The beam selector 46 allows the beam forming computer 30 to define a desired set of “m” beams for each antenna array under its control. That is, the desired beam pattern may be changed on demand to accommodate a wide range of communication objectives, such as directing data to moving receivers, avoiding known areas where interference may be caused, and so forth. For example, the beam selector 46 allows configurable beam patterns to be defined for multiple antennas under the control of the beam forming computer 30 to implement coordinated multi-antenna, multi-beam communication tasks that may be particularly useful for missile defense, military operations, air traffic control and other applications with multiple communication objectives.

The code selector 48 allows the beam forming computer 30 to select among code sets and coding methodologies for encoding the beams for each multi-beam antenna system under its control. For example, the beam forming computer 30 may switch between frequency division multiplexing and orthogonal code multiplexing on demand. Within the frequency division multiplexing category of beam encoding techniques, the beam forming computer 30 may switch among frequency shift key coding and phase shift key coding on demand. Similarly, within the orthogonal coding multiplexing category of beam encoding techniques, the beam forming computer 30 may switch among orthogonal code sets on demand. This allows the beam forming computer 30 to reuse frequency and orthogonal code sets as desired, for example to avoid interference, to use different coding techniques for different antennas under its control, to take advantage of preexisting equipment available at a particular location, to implement security measures, and to achieve a wide range of other objectives.

FIG. 4 is a block diagram illustrating a cylindrical phased array antenna 40 that may be well suited to a mobile telephone application. The array includes a number of antenna elements 12, which are identified as element (1), element (2), and so on through element (n). This configuration generally is referred to as an “n-element” array. For a typical mobile telephone system, the number of elements “n” may be moderate, such as 30, and each element may be a conventional transmission device, such as a dipole antenna. Nevertheless, each antenna element may include some type of lens or reflector, but this is not required for the purpose of implementing the encoded beam forming methodology of the present invention. Typically, the antenna elements are placed in the array with a spacing of one-half of the wavelength (λ) of the intended carrier frequency. Nevertheless, this design parameter may be changed without affecting the encoded beam forming methodology of the present invention.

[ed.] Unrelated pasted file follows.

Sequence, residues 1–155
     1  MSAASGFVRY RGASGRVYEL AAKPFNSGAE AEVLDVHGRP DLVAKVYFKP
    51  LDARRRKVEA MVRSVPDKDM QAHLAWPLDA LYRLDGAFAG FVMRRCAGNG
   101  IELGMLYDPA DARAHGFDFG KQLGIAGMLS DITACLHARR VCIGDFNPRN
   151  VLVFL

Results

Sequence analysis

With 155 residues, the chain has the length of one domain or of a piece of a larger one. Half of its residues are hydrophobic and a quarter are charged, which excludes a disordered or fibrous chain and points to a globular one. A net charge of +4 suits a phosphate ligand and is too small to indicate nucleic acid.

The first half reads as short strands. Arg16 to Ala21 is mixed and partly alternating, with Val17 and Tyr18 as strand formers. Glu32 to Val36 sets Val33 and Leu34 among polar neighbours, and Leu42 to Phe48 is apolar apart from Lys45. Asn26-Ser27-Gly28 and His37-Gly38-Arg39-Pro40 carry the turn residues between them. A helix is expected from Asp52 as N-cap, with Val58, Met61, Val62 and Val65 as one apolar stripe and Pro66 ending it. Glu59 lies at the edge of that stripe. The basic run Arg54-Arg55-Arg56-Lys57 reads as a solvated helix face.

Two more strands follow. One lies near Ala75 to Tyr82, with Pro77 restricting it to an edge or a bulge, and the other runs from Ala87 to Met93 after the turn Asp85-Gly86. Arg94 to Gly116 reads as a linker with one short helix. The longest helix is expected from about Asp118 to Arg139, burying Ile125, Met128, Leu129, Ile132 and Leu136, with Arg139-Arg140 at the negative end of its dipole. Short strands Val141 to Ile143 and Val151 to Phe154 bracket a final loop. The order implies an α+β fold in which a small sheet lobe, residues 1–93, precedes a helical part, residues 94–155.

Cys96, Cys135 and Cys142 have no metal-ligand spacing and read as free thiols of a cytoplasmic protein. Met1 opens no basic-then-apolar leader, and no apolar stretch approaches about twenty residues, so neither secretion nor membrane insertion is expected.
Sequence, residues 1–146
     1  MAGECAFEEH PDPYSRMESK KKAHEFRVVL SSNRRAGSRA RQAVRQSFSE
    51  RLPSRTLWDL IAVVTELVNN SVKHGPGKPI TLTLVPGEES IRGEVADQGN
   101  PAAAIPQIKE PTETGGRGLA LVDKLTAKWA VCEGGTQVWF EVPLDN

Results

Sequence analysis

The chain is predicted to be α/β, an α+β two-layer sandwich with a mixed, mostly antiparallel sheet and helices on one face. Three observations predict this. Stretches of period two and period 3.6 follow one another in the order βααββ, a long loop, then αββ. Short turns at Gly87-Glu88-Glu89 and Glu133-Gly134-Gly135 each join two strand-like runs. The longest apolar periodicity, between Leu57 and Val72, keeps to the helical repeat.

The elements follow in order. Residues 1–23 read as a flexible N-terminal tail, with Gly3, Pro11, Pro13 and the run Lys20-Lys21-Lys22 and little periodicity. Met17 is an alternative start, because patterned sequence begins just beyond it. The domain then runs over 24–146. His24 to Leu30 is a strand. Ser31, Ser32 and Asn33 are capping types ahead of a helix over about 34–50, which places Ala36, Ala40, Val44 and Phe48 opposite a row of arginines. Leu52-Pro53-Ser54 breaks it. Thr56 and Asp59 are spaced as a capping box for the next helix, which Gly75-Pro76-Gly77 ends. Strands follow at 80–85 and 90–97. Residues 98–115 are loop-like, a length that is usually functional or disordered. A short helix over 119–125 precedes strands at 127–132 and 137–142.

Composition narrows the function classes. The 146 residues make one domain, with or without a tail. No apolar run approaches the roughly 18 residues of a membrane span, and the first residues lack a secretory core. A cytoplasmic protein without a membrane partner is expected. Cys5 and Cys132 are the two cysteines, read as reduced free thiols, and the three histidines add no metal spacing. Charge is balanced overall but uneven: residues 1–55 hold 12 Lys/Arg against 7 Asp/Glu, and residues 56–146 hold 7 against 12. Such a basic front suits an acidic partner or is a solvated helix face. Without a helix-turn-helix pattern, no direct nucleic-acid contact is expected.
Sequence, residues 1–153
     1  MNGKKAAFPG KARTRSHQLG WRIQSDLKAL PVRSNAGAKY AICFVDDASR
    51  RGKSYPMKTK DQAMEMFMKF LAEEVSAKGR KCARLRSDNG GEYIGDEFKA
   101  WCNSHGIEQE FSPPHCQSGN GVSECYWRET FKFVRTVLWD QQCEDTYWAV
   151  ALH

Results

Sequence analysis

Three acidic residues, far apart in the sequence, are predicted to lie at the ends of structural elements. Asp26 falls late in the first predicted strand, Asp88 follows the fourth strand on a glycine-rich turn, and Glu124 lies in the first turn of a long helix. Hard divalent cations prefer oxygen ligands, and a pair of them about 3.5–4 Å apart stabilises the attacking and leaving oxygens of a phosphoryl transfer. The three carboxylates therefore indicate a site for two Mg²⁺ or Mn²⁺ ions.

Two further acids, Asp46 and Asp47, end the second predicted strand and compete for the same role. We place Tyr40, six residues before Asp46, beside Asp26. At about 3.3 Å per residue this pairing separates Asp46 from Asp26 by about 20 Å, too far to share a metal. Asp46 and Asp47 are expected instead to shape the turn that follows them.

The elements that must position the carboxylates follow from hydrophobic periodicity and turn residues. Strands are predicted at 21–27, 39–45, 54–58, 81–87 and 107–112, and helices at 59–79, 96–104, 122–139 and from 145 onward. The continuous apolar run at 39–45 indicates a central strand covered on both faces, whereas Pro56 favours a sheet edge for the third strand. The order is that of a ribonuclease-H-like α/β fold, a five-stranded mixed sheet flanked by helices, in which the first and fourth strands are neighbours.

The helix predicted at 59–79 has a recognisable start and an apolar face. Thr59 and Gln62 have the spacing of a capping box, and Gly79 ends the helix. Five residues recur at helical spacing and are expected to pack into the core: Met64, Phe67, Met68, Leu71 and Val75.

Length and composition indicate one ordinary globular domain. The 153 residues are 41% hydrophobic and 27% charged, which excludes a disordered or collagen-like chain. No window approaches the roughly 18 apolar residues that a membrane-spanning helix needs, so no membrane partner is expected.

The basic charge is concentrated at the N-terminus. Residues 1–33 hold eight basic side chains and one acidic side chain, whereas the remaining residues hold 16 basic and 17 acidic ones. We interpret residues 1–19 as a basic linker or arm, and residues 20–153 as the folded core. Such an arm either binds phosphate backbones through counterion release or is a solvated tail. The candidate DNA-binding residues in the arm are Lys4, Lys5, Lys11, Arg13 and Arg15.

FIG. 5 illustrates a typical beam pattern for the cylindrical phased array antenna 40, which illustrates “m” beams that each contain “p” users within the corresponding coverage area. For a typical mobile telephone application, the number of beams “m” may also be moderate, such as 10. However, the number of simultaneous users served by the antenna 40 is typically large, such as 10,000.

In addition, it should be appreciated that the encoded beam forming methodology of the present invention may be implemented with any type of phased array antenna configuration, and for any type of antenna application. This is represented in FIG. 6 by the generalized two-dimensional “n-element” phased array antenna 40′. Again, the antenna elements are placed in the array with a spacing of one-half of the wavelength (λ) of the intended carrier frequency. In addition, the two-dimensional rectangular configuration is merely illustrative, and the antenna 40′ may have any desired shape and number of elements, as may be appropriate for a particular application.

FIG. 7 is a block diagram illustrating “m” beams formed by a phased array antenna 40, which are identified as beam (1), beam (2), and so on through beam (m). In general, the phased array antenna 40 can generate a virtually unlimited number of beams, and can simultaneously distinguish among a number approaching “n” beams, where “n” is the number of antenna elements. However, in a typical application, the number of simultaneous beams “m” is usually somewhat smaller than the number of elements “n.” For example, in a typical mobile telephone application the number of elements “n” may be 30, and the number of beams “m” may be a smaller number, such as 10. Nevertheless, it will be appreciated that the encoded beam forming methodology of the present invention may be implemented with any number of beams “m” and elements “n.” It should also be appreciated that the number of beams “m,” the number of antenna elements “n,” and the number of users per beam “p” are introduced to serve as parameters in the mathematical description of the encoded beam forming methodology, as set forth below and in various figures.